I’ve seen some strange things in the courtroom, and I’ve occasionally listened to an adversary’s closing argument and thought how appropriate it would be for him to be struck by lightning or for his pants to catch on fire. But I never thought it would actually happen. Too bad I wasn’t in a courtroom in Miami in March watching 28-year-old lawyer Stephen Gutierrez make his closing argument when his pants suddenly caught fire.

Ironically, Gutierrez was defending a client, Claudy Charles, in an arson case (Charles was accused of intentionally torching his car), and he had earlier tried to argue spontaneous combustion as a defense. Early in his closing, Gutierrez noticed that his pocket felt hot (he had several small e-cigarette batteries in his pocket at the time), and with the heat intensifying he ran from the courtroom straight to the men’s room. After tossing the battery in water, Gutierrez returned to the courtroom with singed pants but unharmed. The lawyer, a 2015 graduate of Florida International University Law School, insists that it wasn’t a courtroom demonstration or a stunt gone awry. “This was not staged,” he said. “No one thinks that a battery left in their pocket is somehow going to explode.” Nevertheless, court deputies seized the e-cigarette batteries as evidence, and the episode is under investigation. If nothing else, Gutierrez “lawyer, lawyer, pants on fire” incident made national news and turned him into a walking, talking (and possibly still smoking) lawyer joke. And the next time some courtroom observer watching your closing argument says ,“You’re on fire,” before you take it as a compliment make sure he doesn’t mean it literally.

Of course, strange things can happen during closing arguments. In November 2009, Hutchinson, Kansas, lawyer Sam Kepfield was defending a client, Anastasia Daily, on charges of forgery and theft. Daily’s defense was that a co-defendant had threatened her daughter and dog if she didn’t participate in the illegal activity, and attorney Kepfield wanted to convey to the jury the concept of acting under the imminent threat of bodily harm. Unfortunately, the way he chose to demonstrate this was to put a hand grenade on a courtroom table during his closing argument before pulling the pin out, asking the jury “Are you afraid now?” Of course, the grenade was a dud, but the judge and prosecutor were not amused. More importantly, the dramatic stunt didn’t impress the jury, which took all of 15 minutes to find Daily guilty. Apparently, the grenade wasn’t the only thing that was a dud.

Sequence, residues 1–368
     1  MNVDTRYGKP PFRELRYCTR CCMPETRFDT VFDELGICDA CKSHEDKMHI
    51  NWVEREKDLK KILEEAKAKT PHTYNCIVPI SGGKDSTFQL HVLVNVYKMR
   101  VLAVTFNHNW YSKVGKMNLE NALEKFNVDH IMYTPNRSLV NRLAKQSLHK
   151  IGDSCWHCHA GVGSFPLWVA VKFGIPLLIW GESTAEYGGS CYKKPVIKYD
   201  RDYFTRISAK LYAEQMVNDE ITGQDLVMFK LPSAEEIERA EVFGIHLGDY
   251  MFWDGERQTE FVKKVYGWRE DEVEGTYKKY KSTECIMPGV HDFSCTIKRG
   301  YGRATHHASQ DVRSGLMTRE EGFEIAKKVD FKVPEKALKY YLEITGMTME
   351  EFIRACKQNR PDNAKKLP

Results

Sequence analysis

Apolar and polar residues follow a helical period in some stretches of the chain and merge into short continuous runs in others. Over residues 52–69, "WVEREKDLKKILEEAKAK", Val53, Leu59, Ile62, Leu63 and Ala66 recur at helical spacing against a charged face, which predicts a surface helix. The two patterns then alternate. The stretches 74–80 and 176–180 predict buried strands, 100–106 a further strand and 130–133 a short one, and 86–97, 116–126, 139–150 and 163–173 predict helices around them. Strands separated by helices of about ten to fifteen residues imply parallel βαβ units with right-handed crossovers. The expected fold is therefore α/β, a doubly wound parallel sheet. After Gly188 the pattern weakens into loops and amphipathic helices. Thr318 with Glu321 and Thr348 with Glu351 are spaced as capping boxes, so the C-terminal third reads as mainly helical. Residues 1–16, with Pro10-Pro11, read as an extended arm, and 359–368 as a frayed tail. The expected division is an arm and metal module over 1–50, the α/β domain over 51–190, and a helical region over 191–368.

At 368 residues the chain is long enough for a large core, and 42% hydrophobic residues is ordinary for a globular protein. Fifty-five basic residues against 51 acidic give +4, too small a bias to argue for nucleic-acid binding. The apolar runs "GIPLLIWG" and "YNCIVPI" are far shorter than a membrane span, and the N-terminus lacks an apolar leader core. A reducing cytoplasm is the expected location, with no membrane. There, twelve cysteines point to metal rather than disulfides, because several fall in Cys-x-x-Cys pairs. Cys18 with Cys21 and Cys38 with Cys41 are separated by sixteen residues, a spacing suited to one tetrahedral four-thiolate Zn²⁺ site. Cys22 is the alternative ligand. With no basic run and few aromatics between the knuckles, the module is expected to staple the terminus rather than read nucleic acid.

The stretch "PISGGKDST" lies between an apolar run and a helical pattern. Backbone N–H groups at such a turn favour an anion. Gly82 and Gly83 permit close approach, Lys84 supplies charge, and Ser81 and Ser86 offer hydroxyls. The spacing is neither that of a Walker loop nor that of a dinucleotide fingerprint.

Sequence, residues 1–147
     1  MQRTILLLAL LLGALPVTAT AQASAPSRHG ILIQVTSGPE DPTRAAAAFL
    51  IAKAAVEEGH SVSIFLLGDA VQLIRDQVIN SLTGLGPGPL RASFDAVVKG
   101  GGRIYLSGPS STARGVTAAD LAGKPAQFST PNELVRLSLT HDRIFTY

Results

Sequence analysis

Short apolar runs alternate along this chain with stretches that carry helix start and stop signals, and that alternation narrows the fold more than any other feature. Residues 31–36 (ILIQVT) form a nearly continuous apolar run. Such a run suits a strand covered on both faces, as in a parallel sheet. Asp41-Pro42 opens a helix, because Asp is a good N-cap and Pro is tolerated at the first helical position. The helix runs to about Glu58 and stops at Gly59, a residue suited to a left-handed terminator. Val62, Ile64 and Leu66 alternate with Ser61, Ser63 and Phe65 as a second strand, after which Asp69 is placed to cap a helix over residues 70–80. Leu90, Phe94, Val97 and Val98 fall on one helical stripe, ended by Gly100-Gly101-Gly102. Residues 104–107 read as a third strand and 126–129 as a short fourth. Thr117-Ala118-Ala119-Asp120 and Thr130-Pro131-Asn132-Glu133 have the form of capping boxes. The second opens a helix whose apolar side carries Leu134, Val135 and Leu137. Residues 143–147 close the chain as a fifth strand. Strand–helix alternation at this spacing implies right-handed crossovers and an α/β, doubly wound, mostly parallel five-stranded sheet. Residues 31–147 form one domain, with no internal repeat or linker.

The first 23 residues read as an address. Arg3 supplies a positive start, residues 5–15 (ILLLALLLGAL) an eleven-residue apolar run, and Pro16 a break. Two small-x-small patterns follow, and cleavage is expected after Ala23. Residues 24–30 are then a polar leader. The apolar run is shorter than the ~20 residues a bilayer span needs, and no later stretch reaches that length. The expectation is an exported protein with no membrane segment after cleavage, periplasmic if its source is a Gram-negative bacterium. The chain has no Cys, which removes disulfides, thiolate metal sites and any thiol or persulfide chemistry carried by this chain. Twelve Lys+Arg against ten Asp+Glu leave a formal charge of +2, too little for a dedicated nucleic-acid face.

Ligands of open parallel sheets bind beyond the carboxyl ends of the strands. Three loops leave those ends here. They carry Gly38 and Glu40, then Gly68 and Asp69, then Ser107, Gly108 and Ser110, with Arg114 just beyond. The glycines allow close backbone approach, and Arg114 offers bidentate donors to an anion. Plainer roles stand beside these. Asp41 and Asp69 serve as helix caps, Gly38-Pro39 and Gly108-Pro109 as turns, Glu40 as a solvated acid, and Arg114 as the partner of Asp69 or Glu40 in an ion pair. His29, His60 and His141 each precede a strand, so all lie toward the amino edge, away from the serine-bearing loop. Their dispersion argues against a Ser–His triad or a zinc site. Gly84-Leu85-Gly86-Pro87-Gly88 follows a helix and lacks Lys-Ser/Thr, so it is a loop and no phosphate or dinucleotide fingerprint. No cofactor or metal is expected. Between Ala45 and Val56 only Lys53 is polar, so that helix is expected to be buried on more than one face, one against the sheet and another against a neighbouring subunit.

Sometimes, grand gestures succeed. On March 3, 2017, University of Central Arkansas student Blayk Puckett was pulled over by police on suspicion of drunk driving (he was driving under the speed limit). Insisting to the officers that he was not under the influence, Puckett offered to prove it through a field sobriety test of his own: juggling. The student, who does magic tricks and juggling as a hobby (the “JUGGLR” vanity plates should’ve tipped off the cops) then proceeded to demonstrate his juggling prowess. The bemused officers recorded it all on a cellphone camera, and the footage soon went viral. Now Puckett is juggling school and internet fame.

Occasionally, judges like to get in on the act and liven up their opinions by borrowing from pop culture. The U.S. Court of Appeals for the Eleventh Circuit is one example, channeling their inner blues man in a recent opinion, High Point LLP v. National Park Service. The case involved a dispute by private property owners against the National Park Service over the Service’s refusal to allow changes to a dock located on Cumberland Island National Seashore in Georgia, in order to protect the island’s wilderness character. The Court quoted a classic Otis Redding song, saying that “Although Otis Redding may have enjoyed wasting time by watching ships roll into the Dock of the Bay, if he were sitting on Cumberland Island’s Brick-Kiln Dock, he truly would be wasting his time, waiting in vain for ships that would never come.” Holding in favor of the Park Service, the Court also included a lengthy footnote giving the background history of the song “Sittin’ on the Dock of the Bay” before quoting Redding once again, as it reminded the property owners that “nothin’s gonna change.”

So when it comes to legal matters, you can juggle multiple tasks or you can sing the blues. But while courtrooms can be a place for fiery rhetoric and bombshell revelations, it’s usually best to leave the real pyrotechnics at home.


John G. Browning is a shareholder at Passman & Jones in Dallas, Texas, who has over 26 years of experience in trying cases. His experience encompasses a broad range of civil litigation, including personal injury, product liability, premises liability, professional liability, commercial litigation, employment and trade secrets cases, media law, and intellectual property litigation. Mr. Browning is also an award-winning legal writer and the author of the books "The Lawyer’s Guide to Social Networking: Understanding Social Media’s Impact on the Law" and “Social Media Litigation Practice Guide." He is a Charter Fellow of the Litigation Counsel of America.